Scams

25 October 2022

Scams have been around since Delilah took Samson to get a trim.

Con artists (the term comes from those who would invoke your confidence in their manipulation of the facts and because their work involves a degree of skill) use various tactics like the offer of easy money, friendly help, or fear. The ultimate goal is to separate you from your cash or other valuables. Sometimes it is accomplished by simply extracting information that will lead them to the treasure.

Sadly some people are more vulnerable than others. That includes individuals with less real world experience (like children and adolescents), those with cognitive disabilities (like some older adults), and those who simply want to be good people and contribute to a charity.

  • Items for purchase are offered for a considerably lower price. Don’t transfer money to someone you don’t know. Either the items don’t exist or you will be buying stolen goods.
  • You have placed your house on the market for sale but a scammer has his or her own website that lists your property as a rental. You suddenly start receiving phone inquiries about rental deposit checks. These checks were actually sent to the scammer and you are left in the middle of a mess.
  • You are getting ready to close on the purchase of a piece of property and you receive an URGENT email about a change in wiring the closing money. Speak directly with your realtor or with the title company handling the close of the sale.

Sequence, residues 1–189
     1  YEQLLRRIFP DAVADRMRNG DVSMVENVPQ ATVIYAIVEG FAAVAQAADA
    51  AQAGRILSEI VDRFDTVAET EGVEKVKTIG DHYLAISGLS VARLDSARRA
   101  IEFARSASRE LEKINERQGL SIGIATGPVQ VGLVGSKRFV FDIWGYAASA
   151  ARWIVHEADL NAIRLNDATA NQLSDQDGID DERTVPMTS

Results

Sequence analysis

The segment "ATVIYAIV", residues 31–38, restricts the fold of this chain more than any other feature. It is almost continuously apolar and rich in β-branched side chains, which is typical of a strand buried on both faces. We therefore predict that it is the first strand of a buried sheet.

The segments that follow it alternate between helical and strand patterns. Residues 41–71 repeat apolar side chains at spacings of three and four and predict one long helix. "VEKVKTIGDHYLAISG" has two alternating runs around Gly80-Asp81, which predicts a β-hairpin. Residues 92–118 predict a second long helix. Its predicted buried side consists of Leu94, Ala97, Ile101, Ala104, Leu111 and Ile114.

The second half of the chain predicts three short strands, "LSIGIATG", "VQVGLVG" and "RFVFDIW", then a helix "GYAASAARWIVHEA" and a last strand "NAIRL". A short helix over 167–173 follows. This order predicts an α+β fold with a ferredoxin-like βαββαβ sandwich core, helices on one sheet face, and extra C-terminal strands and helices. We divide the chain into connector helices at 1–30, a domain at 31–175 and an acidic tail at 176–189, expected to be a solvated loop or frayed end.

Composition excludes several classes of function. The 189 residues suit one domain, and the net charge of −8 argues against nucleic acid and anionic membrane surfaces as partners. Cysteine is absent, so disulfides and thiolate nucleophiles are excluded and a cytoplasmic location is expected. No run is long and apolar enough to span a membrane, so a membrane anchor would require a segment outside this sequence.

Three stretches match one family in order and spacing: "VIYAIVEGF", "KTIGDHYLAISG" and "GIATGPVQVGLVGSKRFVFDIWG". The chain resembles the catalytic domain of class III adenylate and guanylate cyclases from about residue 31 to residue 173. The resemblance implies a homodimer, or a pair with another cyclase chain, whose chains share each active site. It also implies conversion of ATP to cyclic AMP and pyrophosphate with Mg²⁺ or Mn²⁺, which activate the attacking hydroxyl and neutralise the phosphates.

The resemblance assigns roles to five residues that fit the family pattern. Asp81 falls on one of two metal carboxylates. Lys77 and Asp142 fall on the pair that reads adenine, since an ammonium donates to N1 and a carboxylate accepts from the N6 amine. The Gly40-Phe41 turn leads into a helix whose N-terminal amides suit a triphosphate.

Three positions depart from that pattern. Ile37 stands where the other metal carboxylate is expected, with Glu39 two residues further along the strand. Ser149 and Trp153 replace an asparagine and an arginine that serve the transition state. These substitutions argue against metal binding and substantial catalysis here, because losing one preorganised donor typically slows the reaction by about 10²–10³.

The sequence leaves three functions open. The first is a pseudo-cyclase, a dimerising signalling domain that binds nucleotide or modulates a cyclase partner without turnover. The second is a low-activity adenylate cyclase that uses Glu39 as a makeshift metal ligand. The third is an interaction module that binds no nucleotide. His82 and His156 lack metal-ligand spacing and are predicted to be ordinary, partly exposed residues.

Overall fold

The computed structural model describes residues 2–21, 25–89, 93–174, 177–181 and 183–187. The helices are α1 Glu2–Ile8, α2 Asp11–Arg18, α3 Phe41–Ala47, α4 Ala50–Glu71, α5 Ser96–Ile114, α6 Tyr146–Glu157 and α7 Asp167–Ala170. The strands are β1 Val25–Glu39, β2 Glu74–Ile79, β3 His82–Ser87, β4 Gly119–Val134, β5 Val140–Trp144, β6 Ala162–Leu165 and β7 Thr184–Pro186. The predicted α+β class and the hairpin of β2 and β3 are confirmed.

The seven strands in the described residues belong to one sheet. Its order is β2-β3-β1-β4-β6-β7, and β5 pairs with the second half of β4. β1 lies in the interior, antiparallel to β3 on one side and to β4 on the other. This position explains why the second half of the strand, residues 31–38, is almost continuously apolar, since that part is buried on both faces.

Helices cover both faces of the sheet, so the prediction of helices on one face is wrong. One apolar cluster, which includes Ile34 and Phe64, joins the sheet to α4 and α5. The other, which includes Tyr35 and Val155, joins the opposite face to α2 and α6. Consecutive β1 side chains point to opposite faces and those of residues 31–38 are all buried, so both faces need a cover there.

• You have placed an item for sale and you receive a check for more than the stated amount. First, that check is probably bad. In addition, you are instructed to deposit the check and simply return the overage as a gift card or wire. In reality you have lost all of the money because the check was insufficient funds, the “overpayment” that you returned, and the item for sale.
  • You receive an email notification that your student aid is at risk and you are asked to provide security information. Before complying, contact your aid source personally to be sure they sent it.
  • Similarly, there is a phone call that can help you reduce or eliminate debt that asks for a payment to set up your account or establish a contract.
  • We’ve all received notice that there is malware on your computer.
  • A phone call from a governmental agency (IRS or Social Security) about some irregularity. These folks don’t call. They send official notification letters.
  • A phone call from something that sounds like a legitimate charity asking you to donate in some way that will benefit kids, like a police fund to send kids to a performance of some sort.

Basically you should be on the look out for red flags.

  • You are pressured to act quickly or urgently.
  • Threats with law enforcement or governmental actions.
  • Last minute changes in a financial transaction.
  • Send back some money (or provide a “deposit”) so that you will receive some type of financial reward.

If you question anything, don’t respond to the request. Don’t trust caller ID or phone numbers that you don’t recognize. Even if it looks legitimate, if the person on the other end seems suspicious, hang up. Never give out identifiable information over the phone. Double check information from verifiable websites or consult with a financial adviser or family member.

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